Improbable Republican presidential front-runner
In addition to proposing construction of a permanent wall on the border with Mexico and an increase in Immigration and Customs Enforcement officers, Trump advocates an end to birthright citizenship. That is the practice of granting U.S. citizenship to children born in the U.S., even if their parents are in the country illegally. (Trump isn't the only Republican to take this position.)
Trump makes the debatable claim that birthright citizenship is "the biggest magnet for illegal immigration." This is also known as the "anchor baby" theory of illegal immigration.
Trump didn't specify how he would end birthright citizenship. It's widely believed that doing so would require amending the Constitution. The 14th Amendment, added to the Constitution in the aftermath of the Civil War, says in part, "All persons born or naturalized in the United States, and subject to the jurisdiction thereof, are citizens of the United States and of the state wherein they reside."
"So what does 'subject to the jurisdiction' mean? The Supreme Court long ago decided this phrase confers birthright citizenship only on those who are 'not merely subject in some respect or degree to the jurisdiction of the United States, but completely subject to their political jurisdiction, and owing them direct and immediate allegiance' at birth. …
"What about the U.S.-born children of the 11.2 million undocumented immigrants here in the U.S.? The 14th Amendment doesn't directly address their status (there was no illegal immigration in 1868). Nor has the court ever squarely held that such children are birthright citizens, although this is the common practice, as the court acknowledged in a footnote in 1982."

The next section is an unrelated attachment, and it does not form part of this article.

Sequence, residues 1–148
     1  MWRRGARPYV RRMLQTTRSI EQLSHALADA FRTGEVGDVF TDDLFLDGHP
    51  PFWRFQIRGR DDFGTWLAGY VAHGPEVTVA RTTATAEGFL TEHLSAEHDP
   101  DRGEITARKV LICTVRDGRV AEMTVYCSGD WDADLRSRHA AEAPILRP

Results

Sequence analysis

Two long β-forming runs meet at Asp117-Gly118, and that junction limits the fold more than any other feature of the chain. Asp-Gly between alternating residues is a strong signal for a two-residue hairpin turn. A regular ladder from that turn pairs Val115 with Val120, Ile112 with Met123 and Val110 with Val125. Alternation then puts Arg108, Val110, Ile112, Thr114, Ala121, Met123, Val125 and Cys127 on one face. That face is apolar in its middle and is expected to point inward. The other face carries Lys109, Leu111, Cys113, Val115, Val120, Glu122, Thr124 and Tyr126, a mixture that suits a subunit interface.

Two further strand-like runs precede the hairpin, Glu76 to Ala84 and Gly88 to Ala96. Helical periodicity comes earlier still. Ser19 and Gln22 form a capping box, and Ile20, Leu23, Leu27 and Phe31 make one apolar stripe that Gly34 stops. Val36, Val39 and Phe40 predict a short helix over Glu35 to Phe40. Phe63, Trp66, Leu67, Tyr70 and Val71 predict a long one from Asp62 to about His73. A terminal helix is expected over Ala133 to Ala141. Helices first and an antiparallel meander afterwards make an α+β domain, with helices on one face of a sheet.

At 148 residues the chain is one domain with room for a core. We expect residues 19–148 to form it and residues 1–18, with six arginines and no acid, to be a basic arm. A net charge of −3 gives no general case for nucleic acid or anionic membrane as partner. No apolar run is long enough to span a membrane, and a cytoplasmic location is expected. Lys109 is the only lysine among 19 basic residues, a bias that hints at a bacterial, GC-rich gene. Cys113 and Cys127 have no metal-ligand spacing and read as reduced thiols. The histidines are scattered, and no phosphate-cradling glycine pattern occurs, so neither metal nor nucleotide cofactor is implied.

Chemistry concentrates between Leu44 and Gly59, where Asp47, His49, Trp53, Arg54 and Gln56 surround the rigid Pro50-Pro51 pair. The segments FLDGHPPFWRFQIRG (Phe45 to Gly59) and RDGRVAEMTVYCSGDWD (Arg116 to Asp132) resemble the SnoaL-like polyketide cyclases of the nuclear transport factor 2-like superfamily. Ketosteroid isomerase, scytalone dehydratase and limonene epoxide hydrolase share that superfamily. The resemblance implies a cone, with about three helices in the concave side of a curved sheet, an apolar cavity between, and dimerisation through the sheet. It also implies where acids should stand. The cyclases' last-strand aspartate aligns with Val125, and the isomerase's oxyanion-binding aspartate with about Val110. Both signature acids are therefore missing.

Periodically, legislation is introduced in
If such a bill became law — an unlikely possibility — it surely would be challenged in the courts. In 1898, the Supreme Court upheld the citizenship of Wong Kim Ark, who was born in San Francisco to Chinese parents. The majority cited English common law and the principle of jus soli (Latin for "right of the soil"), according to which nationality is determined by place of birth.
That would seem to suggest that children of immigrants in the country illegally also would be U.S. citizens. But opponents of birthright citizenship note that Wong's parents (in the words of the court) had a "permanent domicile and residence in the United States."
They're probably grasping at straws; elsewhere in the opinion, the court implies that the only U.S.-born children not "subject to the jurisdiction" of this country were the offspring of foreign diplomats or foreign occupiers.
There is no doubt that birthright citizenship could be ended by a constitutional amendment, but any such amendment would face insuperable odds.
And for good reason. As The Times observed in its editorial: "Birthright citizenship is an emblem of equality and inclusion. Many other countries confer citizenship on the basis of bloodlines, what the law calls jus sanguinis. That makes sense when nationality is conceived of primarily in terms of ancestry or tribe or race or ethnicity. But in America, a nation of immigrants, citizenship is defined differently. That principle was established when the 14th Amendment was adopted, and it should not be tinkered with today in an effort to keep out unwanted immigrants."